From Illinois to Virginia, top credit union executives have been putting the rubber to the road this spring, joining a host of local and national bike marathons and in the process contributing to successful charity fundraisers.
Most of the credit union CEO riders agree that 2012 seems to be a big year for industry participation.
“We’re delighted we could join the national Bike to Work Day last week when we could help by soliciting donations for our own charity, the We Promise Foundation,” explained Ronald Burniske, CEO of the $1.9 billion Chartway FCU of Virginia Beach and an avid rider.
Fitness-minded Chartway, which during the year sponsors a variety of employee and public athletic events to support charities in Virginia Beach as well as at its Utah branches. counts up $700,000 raised for worthy causes last year.
That number includes funds collected from two separate bike races, one the arduous We Promise Century Bike Tour, which stretches from Chesapeake, Va., into North Carolina. That race is broken down into three separate tracks–100 miles, 50 miles and 33 miles. Under a website banner, “Ride for the Challenge, Not the T-Shirt,” Chartway maintains employee pledges “will help us make dreams come true for countless children who are battling life-threatening illnesses.”
In honor of Bike to Work Day May 18, at least 71 Chartway employees with Burniske in the lead biked in loops around credit union headquarters during the day, managing to raise $7,100. Burniske himself did 100 miles in three separate 33-mile turns.
“I do enjoy it, and I hope to continue until father time catches up with me,” confessed Burniske.
Meanwhile in Illinois, Michael Rosek, president/CEO of the $80 million Rock Valley Credit Union in Loves Park, Ill. outside Rockford. took part in Bike To Work Day by riding the seven miles from his home, dodging school buses and taking the side roads, and managed to raise $1,500 for a local charity that sends seriously ill children to summer camp.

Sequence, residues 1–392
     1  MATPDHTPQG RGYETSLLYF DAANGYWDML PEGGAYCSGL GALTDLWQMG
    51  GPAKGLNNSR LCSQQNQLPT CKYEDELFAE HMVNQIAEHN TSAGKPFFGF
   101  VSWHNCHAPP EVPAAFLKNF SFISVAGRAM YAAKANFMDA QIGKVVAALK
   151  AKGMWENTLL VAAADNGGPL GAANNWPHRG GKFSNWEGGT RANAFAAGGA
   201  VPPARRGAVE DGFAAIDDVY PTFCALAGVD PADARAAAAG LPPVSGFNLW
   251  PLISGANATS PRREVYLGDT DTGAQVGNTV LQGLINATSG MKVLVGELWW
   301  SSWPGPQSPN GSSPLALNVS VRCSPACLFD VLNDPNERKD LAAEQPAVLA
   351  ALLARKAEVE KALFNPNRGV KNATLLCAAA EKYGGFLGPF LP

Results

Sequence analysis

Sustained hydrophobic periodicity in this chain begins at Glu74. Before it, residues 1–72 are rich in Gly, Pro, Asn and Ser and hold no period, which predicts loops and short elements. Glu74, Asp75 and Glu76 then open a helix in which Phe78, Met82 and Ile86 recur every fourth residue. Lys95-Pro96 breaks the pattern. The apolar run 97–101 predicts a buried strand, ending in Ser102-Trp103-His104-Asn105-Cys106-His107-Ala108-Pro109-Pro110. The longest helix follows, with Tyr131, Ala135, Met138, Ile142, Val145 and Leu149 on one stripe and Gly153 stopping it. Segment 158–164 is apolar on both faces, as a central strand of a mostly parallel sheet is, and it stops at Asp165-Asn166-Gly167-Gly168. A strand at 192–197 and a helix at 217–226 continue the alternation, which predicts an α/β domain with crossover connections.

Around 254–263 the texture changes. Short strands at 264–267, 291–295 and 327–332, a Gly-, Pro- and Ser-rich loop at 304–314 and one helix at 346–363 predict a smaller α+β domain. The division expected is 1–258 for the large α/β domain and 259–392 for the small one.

Riding separately from her home was Rock Valley’s Kim Summers, teller supervisor.
One of the industry’s well-known riding groups, the Little Guy racers of the North Carolina Credit Union League and Carolina Corporate, were set to gather gear and mount their bikes for another rigorous run across the North Carolina mountains next week.
At least 10 veteran cyclists were to ride the 366 miles, starting May 29 in Shallotte, N.C., and biking across eastern and central portions of the state, ending up June 3 in Clarksville, Va.
In this case, the bicyclists will be raising funds for two children’s hospitals in the Carolinas in conjunction with CUNA’s campaign supporting the Levine Children’s Hospital Rooftop Garden Renovation project. That drive is in line with credit union fundraising efforts at this summer’s GOP and Democratic conventions in Tampa, Fla., and Charlotte.
John Radebaugh, president/CEO of the North Carolina League and also an active runner, said the Little Guy troupe cross trains nearly every day and that includes separate runs and bike trips. But training, he said, takes a back seat to the actual cause the group is raising money for.
In addition to Radebaugh, other riders in the Memorial Day run include Eric Gelly, executive vice president/chief operating officer of the league; David Brehmer, CEO of First Carolina Corporate and Jeff Jones, CEO of Freedom Federal Credit Union of Rocky Mount. John McGrail, Carolinas Credit Union Foundation CEO, is doing backup by driving the support vehicle for the team each day, said a league spokesman.
Jones said the Little Guy run over the holiday weekend will indeed be a personal challenge. “I have been biking for 25 years, but this will be an undertaking, But I’m ready,” said Jones who rides 100 miles a week near his home. In the past, he has done some charity benefits in connection with league chapter rides, but this will be the first that is this long.
The Little Guy troupe expects to ride mornings for six consecutive days, “and by the afternoons or evening when we check in and recover, I hope to get on the Internet and do some work,” said Jones.